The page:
More than two centuries of absolute rule in the Himalayan country of Nepal is set to end with a new deal (AFP) between the government and the country’s Maoists. The deal has brought the former rebels back into the political fray and paved the way for constituent assembly elections that may be held in April, following multiple postponements. The new assembly appears set to scrap the country’s monarchy, though the king was stripped (BBC) of most of his formal powers in April 2006.
A peace deal between the Maoists and the government in November 2006 put an end to a decade-long civil war that had resulted in thousands of deaths and wide scale human rights abuses by both the Maoists and the Nepalese security forces. According to Human Rights Watch, “Nepal ranks near the bottom of nearly all indexes of human well-being and development.” The long-drawn conflict has left the country impoverished and “seriously hampered aid distribution, health care and education.”
The peace agreement also brought Maoists into the political mainstream as a legitimate political party and contained violence between the army and the Maoists. It led to the establishment of a United Nations Mission in Nepal (UNMIN) to assist in establishing fair elections and monitor the management of arms and armed personnel both in the Nepalese and the Maoist armies. But a recent analysis by Security Council Report, an independent UN watchdog, says increasing criticism of the mission from both the Maoists and the government remains a critical issue. According to the report, UNMIN, which is likely to be extended, will have to face the challenge of being more effective within its current mandate. One Kathmandu-based journalist writes in the Asia Times that Beijing and New Delhi are not happy with the possible extension of the UN’s presence alongside their borders.
Landlocked between India and China, Nepal has also recently seen those countries’ governments compete for influence. India has long been one of Nepal’s largest military donors. Fearful that growing power of the Nepalese Maoists emboldening its own home-grown Maoists, the Naxalites, New Delhi provided extensive training and aid to the king’s military. But after King Gyanendra dismissed the elected government and declared executive rule in February 2005, New Delhi ended all military aid and began to support political parties in an effort toward democratization. Indian officials also worry that a strategic border area rich in hydroelectric and other energy sources (Hindustan Times) could fall under the sway of China or even Pakistan. According to Power and Interest News Report, China welcomed Nepalese instability as an easy way to establish its influence.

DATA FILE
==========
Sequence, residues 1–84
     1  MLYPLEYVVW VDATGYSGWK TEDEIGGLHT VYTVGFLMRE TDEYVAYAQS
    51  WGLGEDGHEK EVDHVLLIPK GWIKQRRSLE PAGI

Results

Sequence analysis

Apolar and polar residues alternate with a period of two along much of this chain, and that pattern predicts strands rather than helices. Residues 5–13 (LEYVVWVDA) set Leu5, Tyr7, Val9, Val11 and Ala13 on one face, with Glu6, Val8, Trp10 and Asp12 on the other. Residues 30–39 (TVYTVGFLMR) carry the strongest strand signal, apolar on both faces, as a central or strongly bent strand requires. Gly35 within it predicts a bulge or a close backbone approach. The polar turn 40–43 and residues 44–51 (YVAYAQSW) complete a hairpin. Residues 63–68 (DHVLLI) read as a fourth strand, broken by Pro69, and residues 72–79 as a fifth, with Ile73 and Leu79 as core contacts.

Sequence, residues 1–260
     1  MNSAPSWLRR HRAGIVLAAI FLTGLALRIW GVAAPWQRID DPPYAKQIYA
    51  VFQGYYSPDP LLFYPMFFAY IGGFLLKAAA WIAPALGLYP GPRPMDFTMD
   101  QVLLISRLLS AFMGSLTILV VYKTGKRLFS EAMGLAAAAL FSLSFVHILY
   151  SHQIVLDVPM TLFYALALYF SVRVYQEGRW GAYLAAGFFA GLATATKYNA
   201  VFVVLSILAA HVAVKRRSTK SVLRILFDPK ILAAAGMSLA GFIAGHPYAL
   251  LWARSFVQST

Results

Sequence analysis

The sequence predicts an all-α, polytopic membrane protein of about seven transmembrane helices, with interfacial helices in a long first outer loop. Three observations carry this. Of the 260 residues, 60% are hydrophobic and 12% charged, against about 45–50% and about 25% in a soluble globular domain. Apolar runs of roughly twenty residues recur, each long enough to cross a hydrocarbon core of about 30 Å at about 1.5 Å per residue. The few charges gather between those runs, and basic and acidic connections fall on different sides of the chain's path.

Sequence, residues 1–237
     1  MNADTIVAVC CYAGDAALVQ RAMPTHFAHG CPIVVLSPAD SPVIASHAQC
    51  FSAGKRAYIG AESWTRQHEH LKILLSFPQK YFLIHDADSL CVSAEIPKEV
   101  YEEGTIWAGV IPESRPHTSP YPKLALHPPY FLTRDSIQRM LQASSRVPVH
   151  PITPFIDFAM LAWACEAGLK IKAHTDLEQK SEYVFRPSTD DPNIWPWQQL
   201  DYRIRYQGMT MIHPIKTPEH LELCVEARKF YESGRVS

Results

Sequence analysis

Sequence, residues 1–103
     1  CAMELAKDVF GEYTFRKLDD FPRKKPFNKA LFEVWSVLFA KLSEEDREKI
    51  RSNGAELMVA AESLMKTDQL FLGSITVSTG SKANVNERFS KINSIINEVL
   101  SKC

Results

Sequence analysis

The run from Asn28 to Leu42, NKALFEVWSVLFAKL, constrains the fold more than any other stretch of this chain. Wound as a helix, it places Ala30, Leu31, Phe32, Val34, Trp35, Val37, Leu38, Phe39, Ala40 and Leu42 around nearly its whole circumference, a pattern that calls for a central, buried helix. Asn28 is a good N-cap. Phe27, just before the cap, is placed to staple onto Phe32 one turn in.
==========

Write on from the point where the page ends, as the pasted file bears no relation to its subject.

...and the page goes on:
Yet abolition of the monarchy hardly guarantees stability. Social unrest and the growing discontent of marginalized ethnic groups loom ahead. The Foreign and Commonwealth office of the United Kingdom takes note of protests and rioting in southern Nepal in late 2006 and early 2007: “A number of people were killed during clashes with the Police. Protestors defied curfews, and vandalized government offices.” Moreover, the fate of thousands of armed Maoist guerrilla fighters remains uncertain. Maoists have demanded their People’s Liberation Army be merged with Nepal’s national army, but the government's unwillingness to integrate these former guerillas has already led to friction (Bloomberg).
“The capital’s political games increasingly fail to reflect the realities of a turbulent country,” concludes a new report from the International Crisis Group. The head of the UN mission in Nepal warns that, despite optimistic prospects, the fragile peace could yet come unraveled. His monitors have reported recruiting activity (ReliefWeb) by the Maoists and the national army, both in violation of the 2006 pact. A December 2007 report released by the Office of the High Commissioner for Human Rights says “human rights have been marginalized and subordinated to political considerations in the peace process.”